MATTHEWS: Tony, your response to the fact --

PERKINS: Well, I would --


MATTHEWS: -- that the sponsoring organization was just spoken for by
that -- that wing nut we just heard from, who`s calling -- and saying gays
are butchers, and he didn`t any Islamic religion practiced in this country
and a lot of other far-out stuff. He`s the sponsor of this organization
meeting tomorrow, this jamboree of religion.

PERKINS: No, he is -- look, the American Family Association here,
he`s -- he has a talk show on the American Family Association.

Look, in terms of Barry saying that this is a fringe, Southern
Baptists are 18 -- the largest Protestant denomination, 18 million
Americans. Are you saying they`re all fringe?

And, Barry, if you`d done your homework, you would know that Jewish
people have spoken in favor of this. Yes, it`s open to everybody, but is
also an overtly Christian event, where people are coming with an orthodox


LYNN: Tony, why is it a Christian event sponsored by the governor of
the state of Texas? The Lone Star State is a state.

PERKINS: The governor is not sponsoring this.

LYNN: It is not the church, last time I checked.

PERKINS: Barry, Barry, Barry, not a single dollar of taxpayer money
is being spent in this. This is all funded --


PERKINS: -- by the private sector over $2 million. Let me ask you,
Barry, would you come to a prayer event? I mean, would you sponsor a --

MATTHEWS: OK, let me moderate, Tony. I welcome you here to be a
guest not a moderator.

Let`s take a look at Reverend John Hagee. This guy hates Catholics.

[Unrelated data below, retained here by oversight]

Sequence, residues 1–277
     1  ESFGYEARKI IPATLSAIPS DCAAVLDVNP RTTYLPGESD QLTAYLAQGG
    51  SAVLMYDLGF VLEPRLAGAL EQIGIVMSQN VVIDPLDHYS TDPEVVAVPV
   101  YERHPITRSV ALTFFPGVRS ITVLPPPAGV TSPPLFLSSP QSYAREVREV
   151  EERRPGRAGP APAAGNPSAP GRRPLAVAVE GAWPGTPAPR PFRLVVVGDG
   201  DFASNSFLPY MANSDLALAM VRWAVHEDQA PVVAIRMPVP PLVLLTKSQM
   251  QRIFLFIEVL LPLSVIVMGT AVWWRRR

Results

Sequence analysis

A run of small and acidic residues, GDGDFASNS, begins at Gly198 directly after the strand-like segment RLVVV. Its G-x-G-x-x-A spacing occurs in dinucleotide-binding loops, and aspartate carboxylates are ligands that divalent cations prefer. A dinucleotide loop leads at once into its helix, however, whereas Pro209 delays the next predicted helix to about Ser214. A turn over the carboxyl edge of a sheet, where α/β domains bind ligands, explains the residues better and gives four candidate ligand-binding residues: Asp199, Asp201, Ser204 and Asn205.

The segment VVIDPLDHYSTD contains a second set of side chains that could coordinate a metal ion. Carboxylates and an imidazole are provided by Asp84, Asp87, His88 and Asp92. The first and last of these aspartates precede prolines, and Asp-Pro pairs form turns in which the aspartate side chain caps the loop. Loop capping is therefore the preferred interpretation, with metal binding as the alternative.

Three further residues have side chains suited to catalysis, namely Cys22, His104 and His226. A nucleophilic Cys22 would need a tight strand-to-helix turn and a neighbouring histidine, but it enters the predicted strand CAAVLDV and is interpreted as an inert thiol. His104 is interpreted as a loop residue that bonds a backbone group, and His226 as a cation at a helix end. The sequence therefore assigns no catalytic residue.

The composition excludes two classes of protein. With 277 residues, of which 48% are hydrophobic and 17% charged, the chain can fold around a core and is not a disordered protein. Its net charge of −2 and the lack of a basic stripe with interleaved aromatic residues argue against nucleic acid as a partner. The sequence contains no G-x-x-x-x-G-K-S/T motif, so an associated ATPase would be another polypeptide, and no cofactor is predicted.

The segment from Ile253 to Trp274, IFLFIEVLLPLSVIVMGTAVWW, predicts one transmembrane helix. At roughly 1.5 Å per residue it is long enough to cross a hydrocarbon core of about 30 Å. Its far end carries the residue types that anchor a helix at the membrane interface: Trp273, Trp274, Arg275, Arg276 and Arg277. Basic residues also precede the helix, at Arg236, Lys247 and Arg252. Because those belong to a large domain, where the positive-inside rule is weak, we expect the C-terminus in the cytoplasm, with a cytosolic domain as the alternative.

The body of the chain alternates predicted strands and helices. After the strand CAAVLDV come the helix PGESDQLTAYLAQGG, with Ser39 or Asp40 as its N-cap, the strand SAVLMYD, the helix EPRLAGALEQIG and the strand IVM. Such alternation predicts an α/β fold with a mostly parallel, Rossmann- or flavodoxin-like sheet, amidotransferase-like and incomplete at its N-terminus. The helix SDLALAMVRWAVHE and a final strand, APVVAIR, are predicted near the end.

His most controversial statements in the past had been he called the
Catholic Church the great whore. That`s part of the diversity here
tomorrow. He called the Hurricane Katrina God`s judgment or punishment of
New Orleans. He said America has become a pagan society.

Let`s look at this collage of voices that are going to be representing
-- here`s a montage, I should say, of controversial comments from Bryan
Fisher, a spokesman for the group sponsoring the event, Mike Bickle, the
International House of Prayer, John Benefiel, who`s head of Heartland
Apostolic Prayer Network, each of which would be participating in
tomorrow`s event.

Let`s listen to this montage of voices and then Tony can respond.


homosexuals are morally disqualified from holding public office. Why?
Because they are engaging in sexually abhorrent behavior.

a statue in New York harbor called the Statue of Liberty. You know where
we got it from? French Freemasons. Listen, folks, that is an idol, a
demonic idol, right there in the middle of new York harbor.

of Babylon is preparing the nations to receive the antichrist. I believe
that one of the main pastors as a forerunner to the Harlot movement, it`s
not the Harlot movement yet, is Oprah. A classy woman, a cool woman, a
charming woman, but has a spirited deception and she is one of the clear
pastors, forerunner, to the Harlot movement.